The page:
MF Global and the rubber check
By Matthew Goldstein
With the mystery of the missing $600 million in customer funds at MF Global Financial still unresolved, a lot of customers of the failed futures firm are starting to complain about getting bounced checks.
It appears that 10 days ago, with speculation swirling that the Jon Corzine-led firm would soon file for bankruptcy, a good number of customers started to put in requests to pull their money from the New York-based outfit. But instead of simply wiring that money back to their customers, it seems MF Global tried to buy some time for itself by sending that money back via snail mail in the form of an old-fashioned check.
Those checks cut by the folks at MF Global began arriving in customer mailboxes this week, several days after the firm filed for bankruptcy on Oct. 31 in New York federal court. And by the time customers started depositing those checks, they were rejected as having insufficient funds.
It’s not surprising the MF Global checks were rejected after the bankruptcy filing. It’s pretty customary for all expenses to require court approval once a bankruptcy judge gets involved.
But the move by MF Global to send back customer money by check has left a lot of customers in a bad predicament. I’ve been talking to one futures trader who says he and some of his associates have well over $1 million in bad checks issued by MF Global. Those checks were issued on Oct. 28–three days before the bankruptcy filing. The trader is considering producing a copy of the check as evidence of what he sees as MF Global’s bad faith in dealing with it customers and Wall Street’s broken system for dealing with customer money.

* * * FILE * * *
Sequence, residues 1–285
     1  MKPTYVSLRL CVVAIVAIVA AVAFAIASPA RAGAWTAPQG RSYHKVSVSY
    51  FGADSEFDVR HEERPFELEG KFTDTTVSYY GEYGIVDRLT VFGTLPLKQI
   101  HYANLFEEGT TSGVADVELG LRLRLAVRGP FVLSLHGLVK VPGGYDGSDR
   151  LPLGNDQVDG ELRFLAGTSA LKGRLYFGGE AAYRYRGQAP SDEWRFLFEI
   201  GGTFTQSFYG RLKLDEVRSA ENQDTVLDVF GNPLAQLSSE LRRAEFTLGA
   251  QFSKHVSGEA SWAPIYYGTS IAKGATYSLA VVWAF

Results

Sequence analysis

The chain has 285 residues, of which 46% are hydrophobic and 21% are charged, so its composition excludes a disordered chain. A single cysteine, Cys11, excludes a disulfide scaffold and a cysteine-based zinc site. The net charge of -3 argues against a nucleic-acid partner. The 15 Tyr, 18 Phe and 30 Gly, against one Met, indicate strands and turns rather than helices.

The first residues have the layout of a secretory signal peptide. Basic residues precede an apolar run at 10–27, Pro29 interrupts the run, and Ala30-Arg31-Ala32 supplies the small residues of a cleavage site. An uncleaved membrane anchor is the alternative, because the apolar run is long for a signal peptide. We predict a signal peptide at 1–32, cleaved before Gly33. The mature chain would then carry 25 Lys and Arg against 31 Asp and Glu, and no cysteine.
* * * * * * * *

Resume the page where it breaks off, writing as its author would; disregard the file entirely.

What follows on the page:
Says my source: “I am totally disgusted with the way the industry has not responded.”
It’s not clear how many MF Global customers got checks that have bounced. But online message boards are filling up with complaints about the situation.
In the end, the issue of bad checks may pale in comparison to the missing $600 million in funds. But it is indicative of just how disorganized things were at MF Global in its waning days as Corzine & Co. raced to find a buyer for the firm.
But there was no savior for MF Global. A potential deal with Interactive Brokers fell apart at the last minute when the issue of the hundreds of millions of dollars in missing money became apparent.
In the wake of Lehman Brothers collapse, its worthless stock certificates and debt notes became something of a collector’s item. Maybe the same will happen for MF Global’s bounced checks.
UPDATE: I highly recommend this story by my colleague Lauren LaCapra on some farmers who have been impacted by MF Global’s fail.